Neurological Disorders Q 38 - Gyan Darpan : Learning Portal
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Tuesday, 19 April 2022

Neurological Disorders Q 38

A nurse assesses a client who has episodes of autonomic dysreflexia. Which of the following conditions can cause autonomic dysreflexia?
     A. Headache
     B. Lumbar spinal cord injury
     C. Neurogenic shock
     D. Noxious stimuli

Correct Answer: D. Noxious stimuli

Noxious stimuli, such as a full bladder, fecal impaction, or a decubitus ulcer, may cause autonomic dysreflexia. Dysregulation of the autonomic nervous system leads to an uncoordinated autonomic response that may result in a potentially life-threatening hypertensive episode when there is a noxious stimulus below the level of the spinal cord injury. In about 85% of cases, this stimulus is from a urological source such as a UTI, a distended bladder, or a clogged Foley catheter.

Option A: A headache is a symptom of autonomic dysreflexia, not a cause. Autonomic dysreflexia should be strongly suspected in any spinal cord injured patient with a lesion above T6 who complains of a headache. A blood pressure reading should be taken immediately, and corrective treatment starts if the patient’s blood pressure is significantly elevated as most spinal cord injured patients have low blood pressure.
Option B: Autonomic dysreflexia is most commonly seen with injuries at T10 or above. Spinal cord injuries below T10 rarely result in autonomic dysreflexia because the splanchnic innervation remains intact and allows for compensatory parasympathetic dilation of the splanchnic vascular bed. The etiology is a spinal cord injury, usually above the T6 level. It is unlikely to occur if the level is below T10. The higher the injury level, the greater the severity of the cardiovascular dysfunction.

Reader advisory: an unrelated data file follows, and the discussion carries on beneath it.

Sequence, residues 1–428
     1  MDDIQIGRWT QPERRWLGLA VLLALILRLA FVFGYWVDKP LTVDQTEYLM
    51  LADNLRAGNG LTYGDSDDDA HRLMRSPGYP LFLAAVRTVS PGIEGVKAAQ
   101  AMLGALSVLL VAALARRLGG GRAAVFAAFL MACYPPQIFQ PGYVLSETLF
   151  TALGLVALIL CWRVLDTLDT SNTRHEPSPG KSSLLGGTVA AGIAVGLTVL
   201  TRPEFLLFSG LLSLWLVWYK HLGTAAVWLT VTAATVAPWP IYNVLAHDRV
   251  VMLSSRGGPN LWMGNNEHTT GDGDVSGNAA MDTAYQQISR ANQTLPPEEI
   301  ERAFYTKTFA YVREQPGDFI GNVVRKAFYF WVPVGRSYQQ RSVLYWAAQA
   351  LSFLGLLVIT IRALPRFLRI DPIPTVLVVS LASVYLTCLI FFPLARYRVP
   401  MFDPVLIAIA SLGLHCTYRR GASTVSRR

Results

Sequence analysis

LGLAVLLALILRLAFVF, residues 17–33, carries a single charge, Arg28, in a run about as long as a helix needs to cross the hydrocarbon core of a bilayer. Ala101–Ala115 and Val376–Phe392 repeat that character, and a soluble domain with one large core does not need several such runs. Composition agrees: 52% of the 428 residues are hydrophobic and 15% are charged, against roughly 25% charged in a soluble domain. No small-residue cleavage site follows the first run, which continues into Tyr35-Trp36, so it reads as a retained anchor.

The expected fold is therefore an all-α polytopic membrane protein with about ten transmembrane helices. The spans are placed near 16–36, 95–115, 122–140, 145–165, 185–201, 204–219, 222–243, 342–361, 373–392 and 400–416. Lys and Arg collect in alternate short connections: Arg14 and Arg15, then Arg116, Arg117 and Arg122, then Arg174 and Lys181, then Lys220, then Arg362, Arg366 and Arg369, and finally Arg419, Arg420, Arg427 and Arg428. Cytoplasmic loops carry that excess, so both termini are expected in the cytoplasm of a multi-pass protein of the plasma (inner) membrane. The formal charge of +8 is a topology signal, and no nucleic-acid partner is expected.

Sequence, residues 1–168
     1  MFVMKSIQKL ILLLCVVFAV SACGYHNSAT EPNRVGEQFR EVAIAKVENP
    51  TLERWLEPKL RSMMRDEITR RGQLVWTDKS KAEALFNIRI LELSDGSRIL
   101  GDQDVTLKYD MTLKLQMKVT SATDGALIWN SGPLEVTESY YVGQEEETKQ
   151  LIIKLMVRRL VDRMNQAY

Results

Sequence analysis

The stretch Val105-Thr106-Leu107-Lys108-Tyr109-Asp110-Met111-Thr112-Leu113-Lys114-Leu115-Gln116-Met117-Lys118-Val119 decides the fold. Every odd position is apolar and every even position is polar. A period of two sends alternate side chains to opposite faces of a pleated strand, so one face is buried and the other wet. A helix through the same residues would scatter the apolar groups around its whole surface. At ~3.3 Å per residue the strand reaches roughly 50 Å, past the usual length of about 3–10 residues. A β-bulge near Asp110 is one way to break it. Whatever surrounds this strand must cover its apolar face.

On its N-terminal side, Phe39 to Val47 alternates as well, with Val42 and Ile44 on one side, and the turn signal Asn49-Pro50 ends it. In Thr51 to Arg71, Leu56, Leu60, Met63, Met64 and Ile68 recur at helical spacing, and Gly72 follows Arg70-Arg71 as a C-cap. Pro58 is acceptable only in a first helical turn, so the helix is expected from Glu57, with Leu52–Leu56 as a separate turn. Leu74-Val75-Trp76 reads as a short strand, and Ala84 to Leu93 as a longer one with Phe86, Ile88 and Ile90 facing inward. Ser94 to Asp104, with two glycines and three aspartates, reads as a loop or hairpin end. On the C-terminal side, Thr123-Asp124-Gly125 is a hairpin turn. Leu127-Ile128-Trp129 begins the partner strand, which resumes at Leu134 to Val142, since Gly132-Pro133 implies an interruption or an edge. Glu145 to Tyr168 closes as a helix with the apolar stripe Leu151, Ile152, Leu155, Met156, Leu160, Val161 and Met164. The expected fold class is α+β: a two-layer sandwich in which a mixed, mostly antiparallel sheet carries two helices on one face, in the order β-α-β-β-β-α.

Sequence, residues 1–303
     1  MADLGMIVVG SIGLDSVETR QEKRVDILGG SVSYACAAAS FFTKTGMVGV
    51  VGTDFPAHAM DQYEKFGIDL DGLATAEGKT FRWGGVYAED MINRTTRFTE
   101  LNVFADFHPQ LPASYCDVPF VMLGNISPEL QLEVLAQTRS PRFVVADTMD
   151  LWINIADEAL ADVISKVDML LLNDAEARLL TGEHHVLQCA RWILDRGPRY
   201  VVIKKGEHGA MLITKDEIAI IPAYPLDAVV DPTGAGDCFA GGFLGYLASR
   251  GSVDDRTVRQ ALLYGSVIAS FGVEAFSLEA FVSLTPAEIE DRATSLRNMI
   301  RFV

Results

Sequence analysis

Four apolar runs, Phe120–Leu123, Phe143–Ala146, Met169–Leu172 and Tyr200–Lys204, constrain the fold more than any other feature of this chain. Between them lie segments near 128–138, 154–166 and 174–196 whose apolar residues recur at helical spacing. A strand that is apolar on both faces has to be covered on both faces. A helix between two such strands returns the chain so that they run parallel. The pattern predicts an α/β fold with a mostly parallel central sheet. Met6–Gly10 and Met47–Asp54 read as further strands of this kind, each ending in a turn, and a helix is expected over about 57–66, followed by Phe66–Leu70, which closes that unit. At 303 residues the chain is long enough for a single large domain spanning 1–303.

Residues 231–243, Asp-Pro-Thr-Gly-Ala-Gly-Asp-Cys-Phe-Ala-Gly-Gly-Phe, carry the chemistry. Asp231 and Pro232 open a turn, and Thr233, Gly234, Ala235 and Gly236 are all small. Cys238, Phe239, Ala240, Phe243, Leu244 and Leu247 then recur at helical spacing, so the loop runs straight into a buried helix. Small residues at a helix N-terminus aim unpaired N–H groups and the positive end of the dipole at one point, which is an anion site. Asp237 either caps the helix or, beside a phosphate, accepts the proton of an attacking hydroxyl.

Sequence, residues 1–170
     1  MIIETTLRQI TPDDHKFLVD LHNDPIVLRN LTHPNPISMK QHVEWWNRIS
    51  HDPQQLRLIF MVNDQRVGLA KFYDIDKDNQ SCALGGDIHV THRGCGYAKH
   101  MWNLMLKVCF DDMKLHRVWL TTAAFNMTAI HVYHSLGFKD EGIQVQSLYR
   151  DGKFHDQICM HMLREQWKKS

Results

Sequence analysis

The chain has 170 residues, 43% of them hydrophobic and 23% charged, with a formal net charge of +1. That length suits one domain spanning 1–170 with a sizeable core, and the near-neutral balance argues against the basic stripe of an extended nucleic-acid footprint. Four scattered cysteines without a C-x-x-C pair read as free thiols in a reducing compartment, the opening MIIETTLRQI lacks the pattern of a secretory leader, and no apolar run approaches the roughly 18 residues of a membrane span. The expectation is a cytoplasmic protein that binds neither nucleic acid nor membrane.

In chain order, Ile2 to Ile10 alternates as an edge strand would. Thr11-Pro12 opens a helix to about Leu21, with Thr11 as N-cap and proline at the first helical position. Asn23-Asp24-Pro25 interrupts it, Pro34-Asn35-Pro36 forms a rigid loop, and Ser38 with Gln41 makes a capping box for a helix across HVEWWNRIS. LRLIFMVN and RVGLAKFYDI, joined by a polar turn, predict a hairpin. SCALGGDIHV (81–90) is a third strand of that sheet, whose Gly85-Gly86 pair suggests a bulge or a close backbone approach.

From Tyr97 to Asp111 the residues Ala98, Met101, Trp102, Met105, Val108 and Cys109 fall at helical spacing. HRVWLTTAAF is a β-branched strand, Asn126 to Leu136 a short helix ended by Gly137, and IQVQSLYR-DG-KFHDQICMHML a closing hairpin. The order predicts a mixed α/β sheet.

Option C: Neurogenic shock isn’t a cause of dysreflexia. The severity and frequency of autonomic dysreflexia episodes are also associated with the completeness of the spinal cord injury. Patients usually develop autonomic dysreflexia one month to one year after their injury. However, it has also been described in the first days or weeks after the original trauma. Objectively, an episode is defined as an increase in systolic blood pressure of 25 mm Hg.

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